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Kay's Originals Vol. 2


NOTES TO VOL. 11. BY PROFESSOR DANIEL WILSON, AUTHOR OF ‘NEMOI1IALS OF EDINBURGH IN THE OLDEN TIME,’ ETC. ETC. Page 1, DOWIE’ST AVERN. David Martin, the fashionable portrait painter of last century, instituted a club in Johnnie Dowie’s Tavern, styled after its host “ Doway College.” Lord Kames, Lord Monboddo, and Dr. Alexander Carlyle of Inveresk, were among its members, and Sir Henry Raeburn, the pupil of Martin, frequented the same old haunt. hfr. Archibald Constable mentions in his biography that he frequently met George Paton, the antiquary, and David Herd a t John Dowie’s. There is a very characteristic portrait of Dowie, in his three-cocked hat, in the Scots Magazine. Page 33, WEST DIGGES. West Digges acted young Douglas in John Home’s famous tragedy ; and it was at his lodging in the Canongate that Dr. Carlyle attended the rehearsals of the ‘‘ DoziqZas ” in conipany with Home, Lord Elibank, Dr. Ferguson, and David Hume. Digges was a man of good birth, but had been compelled to leave the army, and is described by Dr. Carlyle as a handsome young man, with a genteel address and very agreeable manners ; but he adds, ‘‘ he was a great profligate and spendthrift, and a poltroon, I’m afraid, to the bargain.” Page 69, WHITEFOORHDO USE. Whitefoord House, Canongate, a plain building in the unpicturesque style of the eighteenth century, is interesting as one where Burns found hearty welcome. I t also has a certain local interest owing to its occupying the site of the ancient lodging of the Earls of Winton ; the Court residence of one of the most powerful of the nobles who adhered to Queen Mary. Sir Walter Scott restores it in fancy ; and there Roland Crmne goes in pursuit of Catherine Seyton, with results familiar to all readers. In Edgar’s Map of Edinburgh, 1742, the ancient mansion appears, though neglected and ruinous. Before the century closed it had been displaced by Whitefoord House. Page 88, DR. HAMILTON. Dr. Hamilton was lately popularly known by the name of “ Cocky Hamilton,” from his adherence to the otherwise obsolete cocked hat. A story was current of one of the street simpletons, Daft Jamie, if I mistake not, stopping Dr. Haniilton one evening, opposite Law’s famed coffee establishment, and pointing in succession to the Doctor, the lamplighter, who was just then lighting a neighbouring street lamp, and to the namc over the shop, he exclaimed, “ Cocky-leery-law,” by which cock-crowing he won a liberal gratuity from the Doctor.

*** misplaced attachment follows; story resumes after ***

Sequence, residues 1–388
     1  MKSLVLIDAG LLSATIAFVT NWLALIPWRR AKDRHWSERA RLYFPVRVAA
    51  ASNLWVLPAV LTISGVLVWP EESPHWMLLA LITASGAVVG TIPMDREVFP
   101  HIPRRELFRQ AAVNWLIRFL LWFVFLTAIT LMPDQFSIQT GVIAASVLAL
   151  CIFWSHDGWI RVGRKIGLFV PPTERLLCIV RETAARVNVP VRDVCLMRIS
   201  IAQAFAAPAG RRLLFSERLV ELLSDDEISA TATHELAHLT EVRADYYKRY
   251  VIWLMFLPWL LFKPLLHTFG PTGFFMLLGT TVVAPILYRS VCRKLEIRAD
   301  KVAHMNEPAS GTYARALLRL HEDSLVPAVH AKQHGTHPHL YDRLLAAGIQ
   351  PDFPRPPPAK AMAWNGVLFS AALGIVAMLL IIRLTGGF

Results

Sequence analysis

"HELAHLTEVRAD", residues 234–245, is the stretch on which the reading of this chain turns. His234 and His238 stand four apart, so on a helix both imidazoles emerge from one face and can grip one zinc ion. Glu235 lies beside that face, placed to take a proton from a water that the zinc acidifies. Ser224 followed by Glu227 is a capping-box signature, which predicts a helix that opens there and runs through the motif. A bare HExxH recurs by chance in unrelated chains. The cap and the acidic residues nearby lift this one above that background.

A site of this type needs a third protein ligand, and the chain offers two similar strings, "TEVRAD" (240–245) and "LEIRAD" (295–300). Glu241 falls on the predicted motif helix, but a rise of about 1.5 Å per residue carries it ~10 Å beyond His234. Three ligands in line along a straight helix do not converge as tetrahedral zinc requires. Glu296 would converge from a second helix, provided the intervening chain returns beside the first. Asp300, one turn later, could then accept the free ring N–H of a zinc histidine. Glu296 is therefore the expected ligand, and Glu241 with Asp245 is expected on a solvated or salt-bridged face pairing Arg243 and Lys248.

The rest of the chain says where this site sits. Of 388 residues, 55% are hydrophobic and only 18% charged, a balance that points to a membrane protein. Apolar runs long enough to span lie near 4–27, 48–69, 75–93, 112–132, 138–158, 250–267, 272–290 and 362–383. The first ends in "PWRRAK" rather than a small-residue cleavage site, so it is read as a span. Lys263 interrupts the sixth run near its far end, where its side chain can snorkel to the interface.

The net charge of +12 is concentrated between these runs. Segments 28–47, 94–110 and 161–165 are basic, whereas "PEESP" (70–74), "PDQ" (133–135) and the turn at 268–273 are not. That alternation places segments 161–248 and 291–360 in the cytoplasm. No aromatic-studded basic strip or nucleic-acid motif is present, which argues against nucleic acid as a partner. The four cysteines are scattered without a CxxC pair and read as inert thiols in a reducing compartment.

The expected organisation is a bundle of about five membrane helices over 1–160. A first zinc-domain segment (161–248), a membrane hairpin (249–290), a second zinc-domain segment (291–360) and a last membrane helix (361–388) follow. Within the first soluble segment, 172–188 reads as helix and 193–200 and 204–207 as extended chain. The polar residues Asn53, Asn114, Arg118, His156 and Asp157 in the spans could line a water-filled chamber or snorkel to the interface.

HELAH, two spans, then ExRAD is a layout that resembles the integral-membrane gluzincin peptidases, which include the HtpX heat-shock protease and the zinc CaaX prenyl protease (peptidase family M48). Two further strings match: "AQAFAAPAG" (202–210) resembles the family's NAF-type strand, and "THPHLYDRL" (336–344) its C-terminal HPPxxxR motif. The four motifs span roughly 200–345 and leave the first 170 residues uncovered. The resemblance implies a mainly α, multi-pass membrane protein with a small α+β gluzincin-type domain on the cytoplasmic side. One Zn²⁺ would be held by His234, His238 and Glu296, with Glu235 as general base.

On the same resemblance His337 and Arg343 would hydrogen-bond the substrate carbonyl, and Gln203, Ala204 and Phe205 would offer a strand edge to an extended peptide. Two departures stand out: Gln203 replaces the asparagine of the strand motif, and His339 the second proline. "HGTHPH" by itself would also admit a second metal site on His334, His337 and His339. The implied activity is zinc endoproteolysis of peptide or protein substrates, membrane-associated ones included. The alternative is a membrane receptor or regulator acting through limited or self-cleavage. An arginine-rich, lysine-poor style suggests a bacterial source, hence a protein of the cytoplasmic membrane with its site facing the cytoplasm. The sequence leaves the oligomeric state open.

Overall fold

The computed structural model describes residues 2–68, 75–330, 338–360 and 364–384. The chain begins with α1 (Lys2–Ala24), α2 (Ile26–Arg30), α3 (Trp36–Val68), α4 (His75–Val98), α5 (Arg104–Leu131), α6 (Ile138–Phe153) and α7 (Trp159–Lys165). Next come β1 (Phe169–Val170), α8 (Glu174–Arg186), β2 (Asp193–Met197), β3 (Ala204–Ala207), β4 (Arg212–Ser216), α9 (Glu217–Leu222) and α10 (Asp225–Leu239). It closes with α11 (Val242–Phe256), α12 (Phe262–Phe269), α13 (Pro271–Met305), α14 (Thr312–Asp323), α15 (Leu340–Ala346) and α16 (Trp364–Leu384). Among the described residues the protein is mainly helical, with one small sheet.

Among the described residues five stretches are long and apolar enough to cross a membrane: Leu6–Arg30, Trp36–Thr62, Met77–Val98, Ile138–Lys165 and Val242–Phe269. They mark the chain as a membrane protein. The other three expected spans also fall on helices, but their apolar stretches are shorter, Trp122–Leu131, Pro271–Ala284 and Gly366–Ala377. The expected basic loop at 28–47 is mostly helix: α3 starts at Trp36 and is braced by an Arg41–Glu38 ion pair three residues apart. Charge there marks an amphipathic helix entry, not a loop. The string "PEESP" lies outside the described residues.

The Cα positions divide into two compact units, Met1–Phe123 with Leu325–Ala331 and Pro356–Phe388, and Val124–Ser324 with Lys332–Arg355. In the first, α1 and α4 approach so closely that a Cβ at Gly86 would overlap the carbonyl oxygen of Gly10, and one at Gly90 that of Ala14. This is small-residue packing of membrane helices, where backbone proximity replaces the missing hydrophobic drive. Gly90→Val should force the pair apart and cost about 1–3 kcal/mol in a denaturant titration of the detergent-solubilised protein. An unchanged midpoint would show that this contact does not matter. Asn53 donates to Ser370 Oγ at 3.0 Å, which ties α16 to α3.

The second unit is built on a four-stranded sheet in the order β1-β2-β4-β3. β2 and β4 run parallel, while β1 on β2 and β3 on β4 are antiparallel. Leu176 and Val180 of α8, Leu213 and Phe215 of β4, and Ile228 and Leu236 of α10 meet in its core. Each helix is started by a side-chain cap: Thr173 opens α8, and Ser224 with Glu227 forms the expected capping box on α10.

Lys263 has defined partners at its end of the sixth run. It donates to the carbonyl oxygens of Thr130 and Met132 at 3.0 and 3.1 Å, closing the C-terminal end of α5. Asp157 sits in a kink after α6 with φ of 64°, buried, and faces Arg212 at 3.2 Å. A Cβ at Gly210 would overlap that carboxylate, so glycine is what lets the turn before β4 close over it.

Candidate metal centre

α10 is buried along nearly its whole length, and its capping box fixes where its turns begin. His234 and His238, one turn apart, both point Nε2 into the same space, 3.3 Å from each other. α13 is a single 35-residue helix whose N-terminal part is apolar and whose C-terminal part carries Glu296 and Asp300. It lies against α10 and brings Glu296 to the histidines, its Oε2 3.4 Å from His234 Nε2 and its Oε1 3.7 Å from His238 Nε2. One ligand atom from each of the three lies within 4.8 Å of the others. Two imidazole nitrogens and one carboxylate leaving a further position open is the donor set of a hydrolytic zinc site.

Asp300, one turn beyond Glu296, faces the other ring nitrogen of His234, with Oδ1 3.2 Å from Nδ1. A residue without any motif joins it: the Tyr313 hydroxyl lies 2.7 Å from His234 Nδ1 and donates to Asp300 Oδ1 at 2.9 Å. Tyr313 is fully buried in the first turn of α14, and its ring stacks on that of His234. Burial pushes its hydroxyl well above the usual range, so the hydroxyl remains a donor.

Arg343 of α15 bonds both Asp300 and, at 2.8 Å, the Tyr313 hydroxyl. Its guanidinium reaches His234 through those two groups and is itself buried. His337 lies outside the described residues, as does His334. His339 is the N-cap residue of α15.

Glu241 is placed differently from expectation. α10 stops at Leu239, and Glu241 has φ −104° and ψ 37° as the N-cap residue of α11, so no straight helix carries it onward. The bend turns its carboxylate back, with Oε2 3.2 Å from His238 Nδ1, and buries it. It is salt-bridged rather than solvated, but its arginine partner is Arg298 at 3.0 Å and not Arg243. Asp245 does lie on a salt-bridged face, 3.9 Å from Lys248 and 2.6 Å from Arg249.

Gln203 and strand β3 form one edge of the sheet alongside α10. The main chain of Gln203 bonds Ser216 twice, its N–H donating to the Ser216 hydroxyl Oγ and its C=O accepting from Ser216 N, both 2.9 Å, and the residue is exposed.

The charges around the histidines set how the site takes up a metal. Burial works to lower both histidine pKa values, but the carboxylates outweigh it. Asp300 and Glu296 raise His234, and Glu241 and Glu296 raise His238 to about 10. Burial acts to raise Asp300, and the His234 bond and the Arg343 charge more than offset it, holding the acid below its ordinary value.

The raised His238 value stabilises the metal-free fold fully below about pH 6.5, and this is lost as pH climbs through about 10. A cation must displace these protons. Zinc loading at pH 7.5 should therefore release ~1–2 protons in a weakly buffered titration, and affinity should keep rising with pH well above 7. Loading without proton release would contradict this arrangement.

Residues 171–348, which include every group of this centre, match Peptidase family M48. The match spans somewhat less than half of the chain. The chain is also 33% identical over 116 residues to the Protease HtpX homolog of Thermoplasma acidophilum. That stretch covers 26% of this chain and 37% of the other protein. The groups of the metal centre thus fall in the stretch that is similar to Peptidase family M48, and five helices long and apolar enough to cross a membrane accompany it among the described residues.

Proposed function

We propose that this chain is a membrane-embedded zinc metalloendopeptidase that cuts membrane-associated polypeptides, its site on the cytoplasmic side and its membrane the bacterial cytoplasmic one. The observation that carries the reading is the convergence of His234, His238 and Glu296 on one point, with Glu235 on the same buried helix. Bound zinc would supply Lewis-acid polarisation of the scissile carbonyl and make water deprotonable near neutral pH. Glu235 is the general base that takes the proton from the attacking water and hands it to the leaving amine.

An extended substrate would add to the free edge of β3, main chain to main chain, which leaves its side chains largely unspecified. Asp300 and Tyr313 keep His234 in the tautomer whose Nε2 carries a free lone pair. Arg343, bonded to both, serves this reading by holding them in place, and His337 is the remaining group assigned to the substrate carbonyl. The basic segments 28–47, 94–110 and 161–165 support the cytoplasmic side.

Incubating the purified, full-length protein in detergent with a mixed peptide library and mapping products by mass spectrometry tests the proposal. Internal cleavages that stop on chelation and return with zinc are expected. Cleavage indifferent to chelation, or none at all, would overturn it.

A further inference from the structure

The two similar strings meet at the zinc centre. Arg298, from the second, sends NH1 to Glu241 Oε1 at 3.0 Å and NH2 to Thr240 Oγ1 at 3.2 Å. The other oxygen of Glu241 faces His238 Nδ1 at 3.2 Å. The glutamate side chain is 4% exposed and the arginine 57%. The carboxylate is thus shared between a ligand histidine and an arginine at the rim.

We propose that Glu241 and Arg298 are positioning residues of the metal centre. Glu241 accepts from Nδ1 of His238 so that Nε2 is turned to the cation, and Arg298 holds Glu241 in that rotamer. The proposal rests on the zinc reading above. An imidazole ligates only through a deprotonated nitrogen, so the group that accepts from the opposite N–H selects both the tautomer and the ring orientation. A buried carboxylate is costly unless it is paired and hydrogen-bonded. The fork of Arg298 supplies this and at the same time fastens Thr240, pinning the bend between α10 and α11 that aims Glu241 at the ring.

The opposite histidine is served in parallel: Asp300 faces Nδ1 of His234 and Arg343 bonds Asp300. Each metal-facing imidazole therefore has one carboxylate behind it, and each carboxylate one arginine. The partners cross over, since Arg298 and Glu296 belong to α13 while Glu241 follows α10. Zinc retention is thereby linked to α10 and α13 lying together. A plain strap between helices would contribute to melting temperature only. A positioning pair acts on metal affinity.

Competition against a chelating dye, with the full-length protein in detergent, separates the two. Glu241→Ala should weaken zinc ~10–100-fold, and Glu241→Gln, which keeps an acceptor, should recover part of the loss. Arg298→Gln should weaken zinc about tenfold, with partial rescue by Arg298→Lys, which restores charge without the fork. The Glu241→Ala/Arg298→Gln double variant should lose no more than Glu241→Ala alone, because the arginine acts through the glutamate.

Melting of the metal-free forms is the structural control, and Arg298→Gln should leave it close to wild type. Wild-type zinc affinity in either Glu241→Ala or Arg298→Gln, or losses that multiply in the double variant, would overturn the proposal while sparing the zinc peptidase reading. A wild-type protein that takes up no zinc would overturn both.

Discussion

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NOTES TO VOL IL Page 209, THEG OLFER’SL AND. The Golfer’s Land still stands on the north side of the Canongate, with its characteristic coat of arms and inscription, in confirmation of the legend. But the tenor of the inscription is inconsistent with the story of the poor shoemaker. I t rather refers to a house then rebuilding, which had been the family property of successive generations of heroic golfers. John Paterson, several times bailie of the burgh of Canongate, died in 1663, as appeared from his monument in the cemetery alongside of Holyrood Abbey, now the palace garden. Page 236, THE CAPE CLUB. The minute-books of the Cape Club are in the library of the Society of Antiquaries of Scotland. I t included among its members Runciman and his pupil Jacob More the landscape painter, David Herd, Ferpsson, Lancashire the comedian, Walter Ross the antiquary, Sir Henry Raeburn, etc, etc. Each of them had a characteristic name given to him as a knight of the Club. The minute-books will show what was the designation of Sommers. Page 239, RUNCIMANP’Sr odigal Son. There was, and possibly still is, in the Cowgate Chapel, now St. Patrick’s Roman Catholic Chapel, a painting of the Prodigal Son by Runciman, which was said to include Fergusson’s portrait. This may be the picture here referred to. Page 365, MURDERERO F BEQBIE. The once famous murder of Begbie was one of the popular mysteries with the last generation. Begbie was stabbed directly in the heart by the blow of a long knife furnished with a broad pasteboard guard to prevent the blood spurting on the murderer’s sleeve. Mr. C. K. Sharpe affirmed that a man of strangely recluse habits, who had been a medical student in Edinburgh at the date of the murder, died in Leith many yeam afterwards ; and on his deathbed confessed to the deed. D. W. TORONTOJa, muary 1878.
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